Recto: Standing Male Nude Seen from the Front with His Arms Outstretched, His Left Hand Pointing Downward;
Verso: Four Male Heads
Florence, Uffizi, no. 6485F.
Black chalk, 39 x 26.6; no wm. visible. Inscribed in pencil on the mat: Clemente Bandinelli (L.M.) [Luisa Marcucci].
Berenson, 1903, 1938, 1961, no. 2416, as Rosso.
Kusenberg, 1931, 135, 140, no. 23, as Rosso, around 1523.
Barocchi, 1950, 201, Fig. 174 (recto), as Rosso, 1521-1523/24.
Longhi, 1951, 59 (1976, 99), as not by Rosso.
Carroll, 1964 (1976), II, Bk. 2, 463-464, F. 13, 542-543, Bk. 3, Figs. 156-157, as Bandinelli, or one of his pupils, and possibly of the late 1520s.
Harprath, 1994, 359, Fig. 2 (recto), 360-363, 361, Fig. 3 (verso), as studies for Rosso’s Dead Christ and for the Rape of the Sabines engraved by Caraglio.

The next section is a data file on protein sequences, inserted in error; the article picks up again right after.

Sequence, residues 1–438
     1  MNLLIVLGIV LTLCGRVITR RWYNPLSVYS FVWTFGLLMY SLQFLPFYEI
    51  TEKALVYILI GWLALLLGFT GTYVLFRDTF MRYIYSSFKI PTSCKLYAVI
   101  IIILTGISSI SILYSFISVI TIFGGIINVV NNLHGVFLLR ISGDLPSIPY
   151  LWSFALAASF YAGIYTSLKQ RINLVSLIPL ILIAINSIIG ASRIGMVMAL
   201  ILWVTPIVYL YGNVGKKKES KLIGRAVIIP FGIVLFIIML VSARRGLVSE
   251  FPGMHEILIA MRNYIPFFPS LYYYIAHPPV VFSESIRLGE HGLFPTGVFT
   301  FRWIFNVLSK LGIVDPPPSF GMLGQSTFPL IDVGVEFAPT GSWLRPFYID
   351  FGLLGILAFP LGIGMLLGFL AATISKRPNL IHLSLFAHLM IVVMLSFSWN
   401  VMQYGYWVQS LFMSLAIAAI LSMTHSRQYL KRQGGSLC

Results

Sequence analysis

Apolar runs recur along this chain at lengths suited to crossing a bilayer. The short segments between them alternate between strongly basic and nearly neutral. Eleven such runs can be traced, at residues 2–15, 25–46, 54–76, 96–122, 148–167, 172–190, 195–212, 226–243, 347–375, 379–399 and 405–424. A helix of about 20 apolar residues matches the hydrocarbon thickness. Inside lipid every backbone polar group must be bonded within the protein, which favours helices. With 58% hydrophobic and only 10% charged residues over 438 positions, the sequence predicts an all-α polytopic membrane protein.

The drawings on the recto and verso of this sheet cannot be related to any drawings certainly by Rosso. In 1964 I thought they were by Bandinelli and compared the recto to his red chalk Drunkenness of Noah in the Uffizi (Fig.Bandinelli, Noah)1 and to the red chalk Group of Nine Nudes in Repose (Fig.RD.7), which I ascribed to Bandinelli. The Leonardesque heads on the verso reminded me of his Portrait of Jacopa Doni in the Louvre (Fig.Bandinelli, Doni).2 Ward did not include the Uffizi drawing in his catalogue of 1982. I do not think, however, that the drawing should be considered as part of the “sub-average Rosso material” that Ward thought I wrongly shifted over to Bandinelli.3 The figure on the recto has a vigor and an expertise in its anatomical definition, as well as a certain subtlety in the handling of the lights and shades, that bespeak an artist of talent and education. The Leonardesque heads on the verso reflect an artistic awareness of some poetic charm. If this drawing is not by Bandinelli then it is by someone who shares part of his background and artistic aspirations. I do not see the connections with Rosso’s works that Harprath makes.